The Suitored Guide to Finding a Tailor 2 The Suitored Guide to Finding a Tailor

Your future tailor should also be asking questions. Questions about your needs and lifestyle rather than you doing all the work. He should ask about the type of person you are, what your goals and needs are for a particular garment and what kind of environment you will be wearing these clothes in. Your tailor should be working with you to achieve a result that works for you. It should be about your vision, style and how you want to present yourself to others. You should feel comfortable enough to share your vision, and your tailor should want to help you create it.


Finding a great tailor can take time and effort. Don’t get frustrated. You’re going to be making a big commitment to whomever you choose, so make sure you invest the time to check up on your potential tailor. Remember, you need to be comfortable working with this person because it’s going to be a very personal relationship.

Questions? Comments? Horror or success stories? Concerns about a tailor? Leave us a message below.

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3 thoughts on “The Suitored Guide to Finding a Tailor

  1. Hey,
    I’ve been perusing the internet for ages looking for a check pattern suit that’s not too subtle, not too flamboyant, and in the right price range.
    Problem is I fit perfectly as a 20yr old in a 34 and look like I’m wearing my grandfather’s clothes in anything but that size.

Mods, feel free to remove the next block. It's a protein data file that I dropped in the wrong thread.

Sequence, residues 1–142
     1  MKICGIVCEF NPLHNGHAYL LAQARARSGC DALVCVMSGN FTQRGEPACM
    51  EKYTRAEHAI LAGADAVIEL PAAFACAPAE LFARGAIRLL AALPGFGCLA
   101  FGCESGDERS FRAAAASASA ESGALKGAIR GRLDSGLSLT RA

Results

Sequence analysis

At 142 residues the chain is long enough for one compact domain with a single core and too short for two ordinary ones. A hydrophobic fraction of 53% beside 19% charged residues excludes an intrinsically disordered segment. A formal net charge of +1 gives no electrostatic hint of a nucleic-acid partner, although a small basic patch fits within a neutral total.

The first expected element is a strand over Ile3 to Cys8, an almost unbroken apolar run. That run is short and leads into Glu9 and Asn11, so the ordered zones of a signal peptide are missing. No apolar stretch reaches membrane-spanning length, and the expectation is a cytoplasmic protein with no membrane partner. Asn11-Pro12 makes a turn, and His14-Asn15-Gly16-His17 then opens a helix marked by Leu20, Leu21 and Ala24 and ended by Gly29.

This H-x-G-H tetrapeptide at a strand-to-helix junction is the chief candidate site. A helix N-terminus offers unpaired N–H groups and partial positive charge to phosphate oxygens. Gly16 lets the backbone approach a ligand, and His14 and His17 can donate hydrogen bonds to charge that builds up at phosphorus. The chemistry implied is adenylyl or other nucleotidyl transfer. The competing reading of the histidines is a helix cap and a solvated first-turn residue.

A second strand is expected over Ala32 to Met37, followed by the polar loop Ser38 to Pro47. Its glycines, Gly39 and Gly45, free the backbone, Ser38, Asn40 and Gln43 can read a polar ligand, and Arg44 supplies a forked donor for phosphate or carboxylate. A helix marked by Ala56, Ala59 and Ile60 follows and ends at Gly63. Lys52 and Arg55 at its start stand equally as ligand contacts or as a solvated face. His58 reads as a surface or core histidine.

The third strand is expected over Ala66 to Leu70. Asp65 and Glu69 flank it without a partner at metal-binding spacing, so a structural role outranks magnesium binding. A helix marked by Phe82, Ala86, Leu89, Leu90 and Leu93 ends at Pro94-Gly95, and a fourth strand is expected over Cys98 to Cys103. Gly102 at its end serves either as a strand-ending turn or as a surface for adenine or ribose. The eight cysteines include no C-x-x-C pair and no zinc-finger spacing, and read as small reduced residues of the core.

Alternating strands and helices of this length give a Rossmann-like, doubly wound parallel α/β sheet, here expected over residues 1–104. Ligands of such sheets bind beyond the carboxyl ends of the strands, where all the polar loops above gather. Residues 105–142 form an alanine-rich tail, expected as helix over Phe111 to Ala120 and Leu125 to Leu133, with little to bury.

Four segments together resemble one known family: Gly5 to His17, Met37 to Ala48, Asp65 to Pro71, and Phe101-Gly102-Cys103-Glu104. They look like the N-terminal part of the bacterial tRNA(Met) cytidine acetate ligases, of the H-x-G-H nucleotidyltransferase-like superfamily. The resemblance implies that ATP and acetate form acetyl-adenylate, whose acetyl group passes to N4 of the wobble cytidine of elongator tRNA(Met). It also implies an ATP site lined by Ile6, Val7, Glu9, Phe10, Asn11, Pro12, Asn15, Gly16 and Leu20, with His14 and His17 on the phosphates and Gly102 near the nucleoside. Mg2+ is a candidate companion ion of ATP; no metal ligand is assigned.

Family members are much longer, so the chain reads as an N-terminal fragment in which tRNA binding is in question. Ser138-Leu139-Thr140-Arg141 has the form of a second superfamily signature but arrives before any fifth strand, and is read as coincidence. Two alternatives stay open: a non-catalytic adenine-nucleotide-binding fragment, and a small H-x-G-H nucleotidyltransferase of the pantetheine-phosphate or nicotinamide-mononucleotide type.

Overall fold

So I finaly found this but the smallest size is 38,

    I live in Sydney with some remarkable bespoke tailors abound, such as, JH Cutler (Est. 1884); Zink and Sons (Est. 1895); Rochefort; etc.
    But my one concern is, if I purchase this Gibson suit can a tailor (even from the aformentioned repute) resize the suit from a 38 to 34?

    I have endlessly searched online with little to impress my decision. Much is said of shoulders not being able to be cut down, that a suit cannot be cut two sizes, the jacket back being the only place a tailor can cut from, and the result makes it appear you have not enough fabric at the back and too much at the front.

    Please help?

  2. Hi Hwalsh,

    I took a 36 for years, so I can sympathize with trying to find something that can fit and doesn’t come from the Boy’s section. I’m going to be brutally honest though, even the best tailor is going to have pains taking two full sizes off any suit. Having the back recut, sleeves shorted, length shortened, liner redone (among other problems) is going to be a lot of pain, and add a lot to the suit’s cost. Worst of all, there’s no guarantee to the finished product’s quality.

    In short I’d advise against getting the Gibson and trying to have it altered.

    Hope this helped, and don’t hesitate to comment again if you’ve got more questions,

  3. The tailer-made suit, according to order. Change against it. Rockin Sartorial and the Tailors or a brand. Get details here.

    Thank you.